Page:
CORVALLIS, Ore. – The Agricultural Research Foundation of Oregon has announced grants totaling $420,314 for projects in agriculture, chemistry, horticulture, and veterinary medicine at Oregon State University.

The 34 research projects funded this year represent a wide range of disciplines, from restoring sustainable environments to fighting disease in food crops, according to Kelvin Koong, the executive director of the Agricultural Research Foundation.

"We support research as broad as possible that enhances productivity and efficiency in agriculture, natural resources and the environment," said Koong. "Research is not restricted to any one college or discipline, as industries use new technology, knowledge and equipment to boost production."

Among the projects selected for the foundation’s funds:

  • The potential for hazelnut livestock feed to improve meat quality, shelf-life and nutrition;
  • Enhancing the nutritional value of oil seeds in poultry diets;
  • Elimination of Vibrio toxins from oysters;
  • Feeding selenium-fertilized hay to pregnant cows to improve calf performance;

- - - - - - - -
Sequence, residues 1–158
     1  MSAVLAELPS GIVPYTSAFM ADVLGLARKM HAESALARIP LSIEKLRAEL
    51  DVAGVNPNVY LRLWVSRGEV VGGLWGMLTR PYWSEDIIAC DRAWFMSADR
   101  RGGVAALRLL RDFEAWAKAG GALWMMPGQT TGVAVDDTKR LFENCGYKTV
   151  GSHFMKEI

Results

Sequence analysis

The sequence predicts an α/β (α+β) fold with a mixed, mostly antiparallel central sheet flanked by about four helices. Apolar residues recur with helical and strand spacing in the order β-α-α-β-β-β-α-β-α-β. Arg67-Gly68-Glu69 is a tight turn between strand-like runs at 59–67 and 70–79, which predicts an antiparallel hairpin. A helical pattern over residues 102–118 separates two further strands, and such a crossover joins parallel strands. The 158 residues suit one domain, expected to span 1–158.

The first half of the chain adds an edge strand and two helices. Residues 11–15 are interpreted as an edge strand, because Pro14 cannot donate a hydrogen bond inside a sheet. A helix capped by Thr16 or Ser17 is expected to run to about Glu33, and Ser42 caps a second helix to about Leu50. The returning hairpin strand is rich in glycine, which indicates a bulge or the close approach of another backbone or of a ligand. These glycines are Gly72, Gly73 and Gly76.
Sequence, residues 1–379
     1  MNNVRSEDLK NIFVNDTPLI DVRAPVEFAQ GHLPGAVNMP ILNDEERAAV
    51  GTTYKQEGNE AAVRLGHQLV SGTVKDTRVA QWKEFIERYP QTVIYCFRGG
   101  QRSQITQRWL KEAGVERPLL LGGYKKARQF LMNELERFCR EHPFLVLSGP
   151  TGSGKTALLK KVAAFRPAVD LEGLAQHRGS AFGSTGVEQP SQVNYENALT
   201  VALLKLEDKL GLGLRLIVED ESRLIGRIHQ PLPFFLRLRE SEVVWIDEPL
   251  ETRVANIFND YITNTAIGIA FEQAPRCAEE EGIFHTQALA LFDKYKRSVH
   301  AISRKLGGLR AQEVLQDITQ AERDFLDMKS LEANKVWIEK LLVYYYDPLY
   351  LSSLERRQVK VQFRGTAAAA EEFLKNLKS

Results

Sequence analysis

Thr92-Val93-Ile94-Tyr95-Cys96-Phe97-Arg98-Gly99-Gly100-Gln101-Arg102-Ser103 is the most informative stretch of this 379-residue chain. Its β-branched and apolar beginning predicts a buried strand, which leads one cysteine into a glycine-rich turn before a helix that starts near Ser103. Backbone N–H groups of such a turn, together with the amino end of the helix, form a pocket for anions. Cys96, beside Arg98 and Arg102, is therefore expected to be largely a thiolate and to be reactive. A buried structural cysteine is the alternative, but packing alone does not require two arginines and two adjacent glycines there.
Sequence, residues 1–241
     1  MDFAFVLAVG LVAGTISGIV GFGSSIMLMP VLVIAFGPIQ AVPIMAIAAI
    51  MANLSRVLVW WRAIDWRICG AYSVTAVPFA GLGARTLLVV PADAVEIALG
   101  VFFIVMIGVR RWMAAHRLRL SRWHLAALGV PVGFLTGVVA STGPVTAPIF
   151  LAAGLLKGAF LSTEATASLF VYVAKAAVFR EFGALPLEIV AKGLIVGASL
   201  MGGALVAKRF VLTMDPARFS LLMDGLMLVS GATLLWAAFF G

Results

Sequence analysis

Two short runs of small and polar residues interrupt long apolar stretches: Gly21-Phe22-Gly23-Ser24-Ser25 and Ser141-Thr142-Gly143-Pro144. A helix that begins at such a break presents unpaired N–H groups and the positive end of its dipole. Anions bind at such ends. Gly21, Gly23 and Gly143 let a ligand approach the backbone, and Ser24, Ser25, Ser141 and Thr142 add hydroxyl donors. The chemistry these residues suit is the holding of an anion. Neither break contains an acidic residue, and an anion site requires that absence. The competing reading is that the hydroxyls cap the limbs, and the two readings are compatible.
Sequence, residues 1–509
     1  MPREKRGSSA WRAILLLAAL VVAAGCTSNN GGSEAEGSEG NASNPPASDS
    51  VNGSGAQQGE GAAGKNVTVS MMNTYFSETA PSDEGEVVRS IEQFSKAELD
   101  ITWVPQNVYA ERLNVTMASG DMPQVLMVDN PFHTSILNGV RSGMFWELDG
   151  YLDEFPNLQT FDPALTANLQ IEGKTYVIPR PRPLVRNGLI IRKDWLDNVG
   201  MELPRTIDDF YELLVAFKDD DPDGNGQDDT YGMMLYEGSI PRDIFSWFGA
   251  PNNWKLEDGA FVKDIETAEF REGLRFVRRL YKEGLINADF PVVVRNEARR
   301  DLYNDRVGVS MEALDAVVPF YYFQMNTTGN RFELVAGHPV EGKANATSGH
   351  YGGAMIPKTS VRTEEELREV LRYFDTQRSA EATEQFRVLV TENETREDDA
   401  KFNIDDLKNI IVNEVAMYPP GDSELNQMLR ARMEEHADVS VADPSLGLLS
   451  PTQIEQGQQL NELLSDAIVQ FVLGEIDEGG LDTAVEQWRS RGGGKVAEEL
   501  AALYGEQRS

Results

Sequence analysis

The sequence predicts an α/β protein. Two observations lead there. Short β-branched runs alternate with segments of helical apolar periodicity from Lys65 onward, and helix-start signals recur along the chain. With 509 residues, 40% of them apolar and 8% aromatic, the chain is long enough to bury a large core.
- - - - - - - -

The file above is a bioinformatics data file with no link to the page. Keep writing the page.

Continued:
• Activating the immune system of potatoes to control disease;
  • The development of value-added food products from barley.

OSU researchers began using the funds on Feb. 1.

In more than 80 years distributing grants, the Agricultural Research Foundation has given more than $16 million to OSU scientists – in addition to channeling $157 million in donor gifts to the university's researchers.

The foundation is a private, non-profit corporation and an affiliate of OSU's College of Agricultural Sciences. The board of directors is made up of representatives of numerous segments of Oregon's agriculture industry. Grants awarded during 2014-16 are dedicated to its founding members: William Schoenfeld, Ralph Besse, Judge Guy Boyington and R.L. Clark.

For more information about the Competitive Grants Program, contact Koong at 541-737-4066.

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Kelvin Koong, 541-737-4066

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Oysters

OSU researchers in Astoria make raw oysters safer to eat by removing toxins from the shellfish, a project supported by a grant from the Agricultural Research Foundation. (Photo by Lynn Ketchum.)

OSU website tracks Oregon's economic, social and environmental health

CORVALLIS, Ore. – The gap between the richest and poorest Oregonians has widened over the past 20 years. On a brighter note, the rates of population and job growth have outpaced the national average.